Winter isn’t always the best time to visit a farm, especially if you’re hoping to see the verdant abundance that populates our romantic notions of the good life. Instead of robust fields full of the promise of crops to come, you’re more likely to see the remnants of a fall harvest, with hardy brassicas picked thin and the remaining plant material decomposing back into the soil.
But there are also many reasons why winter is an ideal time to visit a farm. Without the adorning foliage and technicolor fruits and flowers, one can view the operation in its most stripped down form, much like viewing the blueprints of a building. Plus, winter is also when farmers have the time and capacity to plan, dream, and show the odd visitor around their fields and home. Such was the case when the NFM showed up at Skinny Kitty Farm in late January.
Skinny Kitty Practices and Aspirations
Located on Fir Island, in Skagit County, Skinny Kitty Farm is a 12 acre diversified operation owned and operated by Bonnie Briggs and David Mackie. When David and Bonnie purchased the farm in 2013, it was overgrown and unwieldy. The previous owner, who had started with grand plans, made numerous improvements to the land, but after several years of neglect, blackberry bushes had started to takeover, outbuildings fell into disrepair, and the farm was ripe for new ownership. That’s when David and Bonnie acquired the farm, having heard of the opportunity through word of mouth. With a lot of hard work, and the help of a few hungry goats, David and Bonnie have reclaimed much of the lost ground. They’ve also made several infrastructure improvements and have further plans to improve and refine the land, including the main entrance to the farm, where the battle with the blackberry bushes continues.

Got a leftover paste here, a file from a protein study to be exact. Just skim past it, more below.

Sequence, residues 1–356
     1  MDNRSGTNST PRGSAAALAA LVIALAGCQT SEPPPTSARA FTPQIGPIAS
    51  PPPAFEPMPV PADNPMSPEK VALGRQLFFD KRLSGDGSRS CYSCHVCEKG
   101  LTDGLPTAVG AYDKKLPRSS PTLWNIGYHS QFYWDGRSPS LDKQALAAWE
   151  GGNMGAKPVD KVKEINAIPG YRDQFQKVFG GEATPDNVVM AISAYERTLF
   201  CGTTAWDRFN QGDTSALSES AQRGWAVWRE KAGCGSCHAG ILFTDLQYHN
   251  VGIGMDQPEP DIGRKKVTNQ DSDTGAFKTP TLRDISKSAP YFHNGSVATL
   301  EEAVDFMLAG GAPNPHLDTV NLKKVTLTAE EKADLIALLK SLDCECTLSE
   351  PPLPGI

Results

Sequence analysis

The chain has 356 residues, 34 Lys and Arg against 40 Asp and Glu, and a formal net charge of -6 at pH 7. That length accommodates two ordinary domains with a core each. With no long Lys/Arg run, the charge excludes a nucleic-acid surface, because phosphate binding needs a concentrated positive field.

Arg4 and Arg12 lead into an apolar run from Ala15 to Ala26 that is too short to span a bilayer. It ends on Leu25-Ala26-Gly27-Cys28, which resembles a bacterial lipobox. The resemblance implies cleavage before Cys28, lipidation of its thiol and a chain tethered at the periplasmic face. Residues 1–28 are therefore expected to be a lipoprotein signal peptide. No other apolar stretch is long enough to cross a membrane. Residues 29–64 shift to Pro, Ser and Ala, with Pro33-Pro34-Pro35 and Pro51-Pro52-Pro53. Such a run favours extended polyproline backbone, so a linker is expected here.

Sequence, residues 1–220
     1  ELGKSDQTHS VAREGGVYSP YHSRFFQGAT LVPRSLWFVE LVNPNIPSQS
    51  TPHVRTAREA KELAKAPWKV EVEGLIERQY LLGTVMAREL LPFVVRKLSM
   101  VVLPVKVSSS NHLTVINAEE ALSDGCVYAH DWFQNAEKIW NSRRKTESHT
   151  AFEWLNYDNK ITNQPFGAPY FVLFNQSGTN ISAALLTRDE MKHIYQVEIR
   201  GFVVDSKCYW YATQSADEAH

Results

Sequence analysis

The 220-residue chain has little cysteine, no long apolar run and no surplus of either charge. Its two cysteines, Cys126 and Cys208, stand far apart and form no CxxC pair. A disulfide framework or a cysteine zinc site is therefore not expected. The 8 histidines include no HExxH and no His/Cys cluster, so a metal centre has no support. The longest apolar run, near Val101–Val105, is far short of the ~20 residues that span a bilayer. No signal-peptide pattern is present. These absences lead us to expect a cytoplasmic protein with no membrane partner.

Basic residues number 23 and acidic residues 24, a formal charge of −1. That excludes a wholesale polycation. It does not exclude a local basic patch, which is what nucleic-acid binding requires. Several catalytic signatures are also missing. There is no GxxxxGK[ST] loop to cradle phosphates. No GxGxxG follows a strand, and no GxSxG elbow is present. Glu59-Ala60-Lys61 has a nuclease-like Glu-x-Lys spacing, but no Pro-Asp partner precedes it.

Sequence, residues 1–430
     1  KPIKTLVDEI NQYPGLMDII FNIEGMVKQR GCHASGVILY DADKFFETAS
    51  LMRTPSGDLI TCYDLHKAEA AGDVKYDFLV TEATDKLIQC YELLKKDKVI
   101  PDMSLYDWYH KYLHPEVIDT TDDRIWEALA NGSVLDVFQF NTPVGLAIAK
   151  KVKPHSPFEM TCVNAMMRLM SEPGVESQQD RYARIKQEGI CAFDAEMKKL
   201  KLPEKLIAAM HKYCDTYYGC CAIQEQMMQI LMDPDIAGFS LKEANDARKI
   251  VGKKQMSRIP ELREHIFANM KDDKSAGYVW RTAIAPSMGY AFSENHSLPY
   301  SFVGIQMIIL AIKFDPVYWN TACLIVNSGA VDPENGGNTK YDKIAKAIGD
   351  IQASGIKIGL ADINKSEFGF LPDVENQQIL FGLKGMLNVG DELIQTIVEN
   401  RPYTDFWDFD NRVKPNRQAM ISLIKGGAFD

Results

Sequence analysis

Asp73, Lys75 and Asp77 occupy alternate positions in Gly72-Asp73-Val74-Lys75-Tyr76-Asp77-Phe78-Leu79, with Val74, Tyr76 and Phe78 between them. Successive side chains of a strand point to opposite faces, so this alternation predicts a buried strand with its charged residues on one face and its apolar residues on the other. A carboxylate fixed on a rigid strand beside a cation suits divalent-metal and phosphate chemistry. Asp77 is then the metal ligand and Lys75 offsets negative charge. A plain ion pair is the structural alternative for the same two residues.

A prominent and welcoming entrance is important as David and Bonnie work to realize their ultimate goal of establishing a farm kitchen, which would allow them to host farm dinners and operate a catering business using products grown on their 12 acres. And in fact, they have already begun to expand their offering of value added products. At some point it’s possible they will be able to offer meal kits, with ready to cook ingredients, especially since they have started working with the value-added mavens at 21 Acres.
For now though, they mostly concentrate on fruit and vegetable production, pastured chickens, and grass-fed lamb. The farm includes a variety of fruit trees, nut trees, and numerous vegetable plots. They practice rotational grazing, moving the goats, sheep, and chickens through various fields in order to maximize fertility and reduce the costs associated with mowing and removing invasive species. Although not certified, Skinny Kitty employs sustainable practices that allow them to forego synthetic fertilizers and pesticides. They also supplement the diet of their chickens with certified organic feed.
What makes the chickens from Skinny Kitty unique is a focus on genetics, according to David. They also manage to provide the French heritage birds with a diversity of intakes. The chickens are rotated through stands of conifer trees, bamboo trees, blackberry shrubs, alders, and fruit orchards. This produces a deeper flavor profile than birds raised on a single source of nutrition.